Volume 13, Issue 2 - March/April 2011

Independent’s Day
an iga viewpoint

Using Technology to Service Our Customers
by Alan Epley

On Friday, February 11, I had the privilege of attending an auto glass industry summit in Scottsdale, Ariz. Joining the summit were the board of directors of the Independent Glass Association (IGA), a number of respected industry representatives from point-of-sale providers, retailers and others. As many of you have probably heard by now, the IGA is spearheading the initiative to develop technology standards to streamline the insurance claims process, from first notice of loss (FNOL) to closing the claim. The purpose of the summit was to introduce the concept to the industry and to initialize the process. A number of interested professionals already have signed up to be on the committees. Participation is open to any industry professional that has an interest in improving the insurance claims process.

Everybody Wins
The IGA’s board of directors strongly believes that technological standards will be a win-win-win for policyholders, glass shops and insurance companies alike. We all are aware that there are a number of issues confronting the industry from customer service to fraud, and I believe that standards incorporating the use of state-of-the-art technology will allow the industry to improve the process, reduce the incidence of fraud, and, most importantly, make the entire process user-friendly for the folks we all want to please—the policyholders.

“The claims-reporting process should be a pleasurable experience for the policyholder …”

The best way for me to illustrate how technological standardswould be beneficial for all is to discuss some stages of the claims process. Let’s examine the FNOL. Under current procedures, a policyholder must report his loss to an agent, a third-party administrator or an insurance company’s claims department. We all can agree that the overhead involved in this process is excessive (though it does not need to be). In addition, we know that it is common for a policyholder to be involved in a telephone call that sometimes lasts in excess of 20 minutes, a reality that should not be acceptable to the shop or the insurance company—and certainly not the policyholder.

The Goal
The claims-reporting process should be a pleasurable experience for the policyholder and one with which the insurance companies should be overly concerned. With the use of technology, the policyholder or his representative should be able to report the claim online, delivering the necessary information directly to the insurer or representative, making the initial impression of the insurance company a satisfactory one.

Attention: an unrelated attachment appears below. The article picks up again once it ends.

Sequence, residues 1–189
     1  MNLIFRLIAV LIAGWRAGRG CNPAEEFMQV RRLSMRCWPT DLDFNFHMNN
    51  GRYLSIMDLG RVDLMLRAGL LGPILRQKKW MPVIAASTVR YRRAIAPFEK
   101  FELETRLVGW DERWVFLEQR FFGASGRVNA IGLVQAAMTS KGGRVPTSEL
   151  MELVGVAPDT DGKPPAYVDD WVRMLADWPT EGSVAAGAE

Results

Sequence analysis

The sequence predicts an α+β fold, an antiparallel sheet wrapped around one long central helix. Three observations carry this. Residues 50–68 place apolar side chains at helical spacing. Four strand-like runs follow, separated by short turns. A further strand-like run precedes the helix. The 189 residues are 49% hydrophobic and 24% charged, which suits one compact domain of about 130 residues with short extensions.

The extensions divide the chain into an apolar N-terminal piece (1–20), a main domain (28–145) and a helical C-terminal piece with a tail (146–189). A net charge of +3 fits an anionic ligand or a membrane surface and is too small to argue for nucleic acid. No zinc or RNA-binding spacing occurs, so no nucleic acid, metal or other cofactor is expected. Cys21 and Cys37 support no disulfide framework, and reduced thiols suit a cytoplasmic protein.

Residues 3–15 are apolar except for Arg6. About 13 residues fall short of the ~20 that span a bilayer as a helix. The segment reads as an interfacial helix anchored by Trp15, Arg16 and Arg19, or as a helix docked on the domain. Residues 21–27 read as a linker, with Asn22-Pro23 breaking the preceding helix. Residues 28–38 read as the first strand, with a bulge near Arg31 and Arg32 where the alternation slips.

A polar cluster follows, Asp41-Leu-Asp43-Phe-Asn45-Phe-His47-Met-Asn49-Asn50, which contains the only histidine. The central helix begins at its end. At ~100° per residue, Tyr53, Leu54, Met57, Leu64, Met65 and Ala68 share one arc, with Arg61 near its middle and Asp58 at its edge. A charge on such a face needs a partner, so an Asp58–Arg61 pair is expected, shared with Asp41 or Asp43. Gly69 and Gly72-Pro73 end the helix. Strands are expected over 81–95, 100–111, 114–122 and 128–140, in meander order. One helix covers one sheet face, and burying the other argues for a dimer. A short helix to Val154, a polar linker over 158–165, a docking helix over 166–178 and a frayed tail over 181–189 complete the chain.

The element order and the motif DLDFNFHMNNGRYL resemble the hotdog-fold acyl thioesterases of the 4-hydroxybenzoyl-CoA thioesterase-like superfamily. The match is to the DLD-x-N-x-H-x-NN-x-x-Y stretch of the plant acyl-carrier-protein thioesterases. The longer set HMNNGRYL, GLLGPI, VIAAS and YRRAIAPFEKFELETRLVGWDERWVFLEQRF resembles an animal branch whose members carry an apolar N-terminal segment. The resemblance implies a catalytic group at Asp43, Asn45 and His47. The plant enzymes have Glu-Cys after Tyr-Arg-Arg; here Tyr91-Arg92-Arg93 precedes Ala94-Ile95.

Some insurers have undertaken measures to prevent fraud, especially as some auto glass companies have begun marketing their services directly to consumers. In an effort to combat fraud, insurers sometimes are sending inspectors to confirm reported damage to a windshield, which delays our industry’s ability to service a customer. The IGA has heard from some members that have had inspections delay work for more than a week. Again, the name of the game is to service our mutual customers and I think that everyone would concur that this type of time delay is unacceptable.

By introducing technology in the effort to fight fraud, a shop or mobile technician can use digital photography to take photographs of the damaged area and can send these images electronically to their insurance companies or representatives to confirm the damage. The insurer and/or its representative then can verify the damage and validate the claim instantly. Again, it’s a win-win-win opportunity for all involved and will drastically improve customer service.

I hope that you all share my excitement, enthusiasm and determination to succeed in the development of technology standards as the best effort to improve customer service and to level the industry’s playing field. I can think of no reason why this initiative would not be widely embraced across all industries involved, and I encourage everyone to participate in the process. Standards will streamline the entire insurance claims process, making it both a pleasant and economical experience for all involved.

Alan Epley is president of the Independent Glass Association (IGA). He also serves as president of Southern Glass and Plastic in Columbia, S.C. Mr. Epley’s opinions are solely his own and not necessarily those of this magazine.

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